September 2-5, 1955, Manger Hotel, Cleveland, Ohio. Chairwoman and Chairman Noreen and Nicholas Falasca, assisted by Ben P. Jason, Honey Wood, and Stephen F. Schultheis. Isaac Asimov, Guest of Honor, Mystery Guest of Honor Sam Moskowitz.
This convention would have to rate near the very top of all conventions I attended, for the fullness and excellence of its program and the special award I received. The Guest of Honor was Isaac Asimov, but a special issue of the progress report was mailed out with a black silhouette on the cover and the cryptic heading: "WHO IS THIS MAN?" Inside there was the following: "What's the mystery behind the mystery guest? Just this; he's one of the people who work to make a convention a success, and never receive a thank you. We feel it's about time he did… This year, the 13th World Science-Fiction Convention will honor a fan who helped. The person chosen will not know he is mystery guest until his name is announced, at the banquet…. Here's where the fans get in on the fun. There will be a contest to guess the identity of the mystery guest. Complete details will be announced in the next Report. Remember, the mystery guest will be in addition to the regular guest of honor. Who can it be? It might be you. Join the convention and see for yourself."
The Mystery Guest of Honor was to be announced at the Banquet as part of the Hugo Awards presentations, handled by Anthony Boucher, then editor of The Magazine of Fantasy and Science Fiction. The night before there was considerable speculation. It was finally narrowed down in the minds of the fans in attendance, that it would be either Dave Kyle, who had been an active convention goer since the first, or C.I. Barrett, M.D., who had contributed a great deal to help both local and national conventions in the past. In fact, I remember discussing with Dave Kyle in his room elements for an impromptu acceptance talk, down to physical reaction.
The evening of September 3, 1955, I was seated at a table with Mr. & Mrs. C.I. Barrett, Mr. & Mrs. Lou Tabakow, Mr. & Mrs. Stephen Takacs, and Jean Carrol (now Jean Engels). Mark Clifton and Frank Riley had received a Hugo for They'd Rather Be Right as the best novel; Walter M. Miller had scored with "The Darfsteller" as the best novelette; Eric Frank Russell registered with "Allamagoosa" as the best short story; Astounding Science Fiction as the best magazine; Frank Kelly Freas as the best illustrator; and Fantasy Times, published by James V. Taurasi, as the best amateur publication.
Boucher then began a build-up for the Mystery Guest of Honor at some length and I remember Steve Takacs, seated next to me, commenting half way through: "Hell Sam, you've done everything that guy has!" By this time it was beginning to dawn on me that Steve was a lot righter than he knew. When they announced my name as Mystery Guest of Honor I tried hard to remember all the pointers I had used in coaching Dave Kyle and couldn't recall a one. All I could muster was a polite "Thank You." As I was later told by committee member Ben Jason, the award was for inaugurating world conventions, participating in their programs, auctioning non-stop until they were out of the red (which I had to do again for Cleveland, but this time Harlan Ellison proved an invaluable aid) and for The Immortal Storm: A History of Science Fiction Fandom, which had appeared only a year past.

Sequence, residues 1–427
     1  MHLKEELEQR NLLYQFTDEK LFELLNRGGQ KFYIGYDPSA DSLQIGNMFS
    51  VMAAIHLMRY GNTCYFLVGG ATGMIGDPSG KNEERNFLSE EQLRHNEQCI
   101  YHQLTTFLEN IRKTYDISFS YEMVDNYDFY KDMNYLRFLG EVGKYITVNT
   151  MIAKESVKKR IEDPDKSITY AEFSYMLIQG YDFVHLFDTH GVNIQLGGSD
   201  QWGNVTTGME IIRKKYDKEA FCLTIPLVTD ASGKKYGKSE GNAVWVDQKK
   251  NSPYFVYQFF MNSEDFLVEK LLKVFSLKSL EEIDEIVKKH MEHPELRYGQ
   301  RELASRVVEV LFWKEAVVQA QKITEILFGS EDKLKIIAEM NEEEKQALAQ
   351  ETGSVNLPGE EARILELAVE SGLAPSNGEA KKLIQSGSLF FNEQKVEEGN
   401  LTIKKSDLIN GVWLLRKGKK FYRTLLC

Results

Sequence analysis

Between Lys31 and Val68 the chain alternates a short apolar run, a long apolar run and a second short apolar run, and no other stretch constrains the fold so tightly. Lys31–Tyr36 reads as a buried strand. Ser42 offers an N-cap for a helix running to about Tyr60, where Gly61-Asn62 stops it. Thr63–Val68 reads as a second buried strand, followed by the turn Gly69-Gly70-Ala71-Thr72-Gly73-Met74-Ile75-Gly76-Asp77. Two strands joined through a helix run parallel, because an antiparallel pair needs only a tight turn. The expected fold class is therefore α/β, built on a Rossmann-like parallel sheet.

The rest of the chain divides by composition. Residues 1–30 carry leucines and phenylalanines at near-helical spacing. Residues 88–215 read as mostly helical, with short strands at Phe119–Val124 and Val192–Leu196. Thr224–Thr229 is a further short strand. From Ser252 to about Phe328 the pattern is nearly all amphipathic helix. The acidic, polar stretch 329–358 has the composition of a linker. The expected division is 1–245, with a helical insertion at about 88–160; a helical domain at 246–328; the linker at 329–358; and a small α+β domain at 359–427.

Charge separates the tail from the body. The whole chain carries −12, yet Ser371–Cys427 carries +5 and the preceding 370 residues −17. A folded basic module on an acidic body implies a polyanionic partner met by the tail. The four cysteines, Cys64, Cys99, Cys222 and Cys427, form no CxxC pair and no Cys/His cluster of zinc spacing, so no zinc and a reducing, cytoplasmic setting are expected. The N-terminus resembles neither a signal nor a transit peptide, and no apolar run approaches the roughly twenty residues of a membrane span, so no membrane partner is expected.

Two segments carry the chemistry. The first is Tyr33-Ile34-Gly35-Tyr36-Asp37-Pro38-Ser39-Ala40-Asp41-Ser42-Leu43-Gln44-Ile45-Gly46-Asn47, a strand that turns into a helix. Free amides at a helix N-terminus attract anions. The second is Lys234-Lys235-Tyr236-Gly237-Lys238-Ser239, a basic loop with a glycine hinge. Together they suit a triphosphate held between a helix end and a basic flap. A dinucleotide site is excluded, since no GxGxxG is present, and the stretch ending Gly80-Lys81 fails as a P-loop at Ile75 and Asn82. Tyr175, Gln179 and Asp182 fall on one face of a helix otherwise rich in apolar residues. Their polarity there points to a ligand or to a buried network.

Another unusual bit of programming was a Christmas play for the convention. Damon Knight, Anthony Boucher, Fritz Leiber, and Robert Bloch were recruited to write the play at the convention, before presentation. At the last minute they needed someone to play Scrooge (science fiction style) and they discovered that I had some amateur acting background, so I was recruited to play Scroogewitz, in the first scene. Fritz Leiber, all incredible length of him, played "Tiny Timid!", Robert Bloch was "The Ghost of Christmas Past", Tony Boucher was also in the play, and a chorus composed of Judy Merril, Mildred Clingerman, Randy Garrett, and Forrest Ackerman sang the lyrics written by Damon Knight, "Poor Stef is Dead." Unquestionably the show stopper was supplied by a cameo appearance by Evelyn Gold, who, in a short, tight-fitting, low-cut dress, slowly slunk across the stage. She stopped when asked: "Who are you!" She replied: "I'm the man-ageing editor!" Damon Knight wrote me later saying that he and Robert Bloch were thinking of publishing the play, would I send him my part. I had to reply that I had ad-libbed the entire thing, that nothing was on paper! However, Frank M. Deitz taped the play, so it may still be recoverable.
At the masquerade ball, Honey Wood, secretary of the convention, displayed a superbly graceful pair of legs. When Rog Phillips, the late science fiction author, saw them, his eyes revolved in his head, he danced with her for the rest of the affair, and not long after the convention they were married.
Raymond Van Houten, one of the editors on the Hugo-winning Fantasy Times, was awakened to hear shouts of "Help! Help!" from the hall. He found a permanent resident of the hotel, who had the room next door, in his robe. The man claimed he had awakened when someone entered his room and took his wallet. The hotel kept several all-night rooms open for the convention goers and the man was identified in the Chester Room, playing poker with a group of fans. Without tipping their hands, fans blocked all the exits while the house detective and police were called, and the culprit was apprehended still playing poker. It was discovered that the man had a criminal record, having served three years in San Quenten, but though he still had the wallet on him at time of arrest, he had lost all the contents in the poker game and the money was not recovered!